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    When I was at the festival yesterday. I seen that someone had these for sale. They were selling them for $14.00. They also said that once you get them to swell you can put them in the microwave for 30 sec. to 1 min. and it will stay warm for about 45 mins. to 1 hr. Has anyone tried putting this in the microwave?

  16. #16
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    If you are thinking about putting them in the microwave, be advised that ALL fabric and thread MUST be cotton only. Do not use cotton/poly thread or fabric as they can catch fire. Read about the potato baker bags on this board and you will understand.

  17. #17
    pookie ookie's Avatar
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    Cool Ties cause chaffing. My bf chose to suffer the heat for a couple months until he convinced himself he could live with chaffing. lol

    If anyone wants to purchase some to check out the construction of an okay'd Cool Tie, or to gift them to anonymous deployed military, Soldiers Angels sells them.

    Maybe the serging adds to the chaffing problem? It could just be a zero tolerance rule. It's easier to say "no serging" than "no serging on the outside." It could also be that serging on the inside does add to the chaffing problem.

    I don't know. I'd ask my bf but he doesn't understand serging. Email them and ask sweetly for an answer.

  18. #18
    Power Poster BellaBoo's Avatar
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    I did contact the head of the group and she said it looked better with no stitching showing. I can't believe someone was selling these for $14 and someone would pay that. The only out of pocket cost to a quilter is the beads. Fabric strips are in everyone's scrap basket. I think I paid about $8 for those and still have over half a bag left. it only takes about 1/2- 1 teaspoon per tie.

  19. #19
    pookie ookie's Avatar
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    Soldiers Angels sells them for $7.95. It's a good organization that I use a lot. It's especially good for donating to strangers when my man is home and/or I have no point of contact. Bakemeawish.com has a buy one and send one to an anon service member program and cookiesdirect.net has a cookie program for anonymous donations.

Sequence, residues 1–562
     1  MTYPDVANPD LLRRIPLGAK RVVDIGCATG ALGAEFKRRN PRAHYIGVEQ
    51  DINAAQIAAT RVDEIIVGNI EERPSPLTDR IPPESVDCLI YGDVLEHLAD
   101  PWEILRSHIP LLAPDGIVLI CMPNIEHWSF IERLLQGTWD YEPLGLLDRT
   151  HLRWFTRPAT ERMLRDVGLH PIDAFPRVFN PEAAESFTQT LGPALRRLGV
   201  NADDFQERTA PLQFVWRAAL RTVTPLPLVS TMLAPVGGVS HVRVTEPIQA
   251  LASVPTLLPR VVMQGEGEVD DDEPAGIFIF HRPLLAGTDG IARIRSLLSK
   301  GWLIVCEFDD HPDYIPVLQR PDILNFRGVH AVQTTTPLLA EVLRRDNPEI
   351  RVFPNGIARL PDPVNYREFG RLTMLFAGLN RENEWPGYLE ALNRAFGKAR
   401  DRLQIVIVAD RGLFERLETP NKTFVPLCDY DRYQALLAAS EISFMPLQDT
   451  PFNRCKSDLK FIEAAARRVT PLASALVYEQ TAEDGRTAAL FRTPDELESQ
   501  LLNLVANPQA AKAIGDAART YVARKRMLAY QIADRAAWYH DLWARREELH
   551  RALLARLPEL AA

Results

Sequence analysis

The real issues with cool ties/scarves are the chaffing and color. Once those are dealt with I can't imagine why anyone would be concerned with "looking better." That's kind of subjective and definitely disappointing. Sorry.

    I hope this hasn't soured you on deployment related projects.

  20. #20
    Senior Member KellyK's Avatar
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    I just wanted to say a heartfelt "Bless You" to everyone here who has ever made or donated one of these!

    When I was in a deployed location about two years ago, my unit got a box full of different morale things and there were some Cool Ties in the box. The guys I worked with didn't have a clue what they were about, but I grabbed about seven and took them out on the truck with us. A few hours later, after they'd been soaking in an ice cooler I handed them out and let me tell you, it feels SO GOOD when it it 130+ with humidity and you feel that coldness seeping in. So, serged, sewn, glued, they won't care, as long as they can make it cold!

    You guys rock!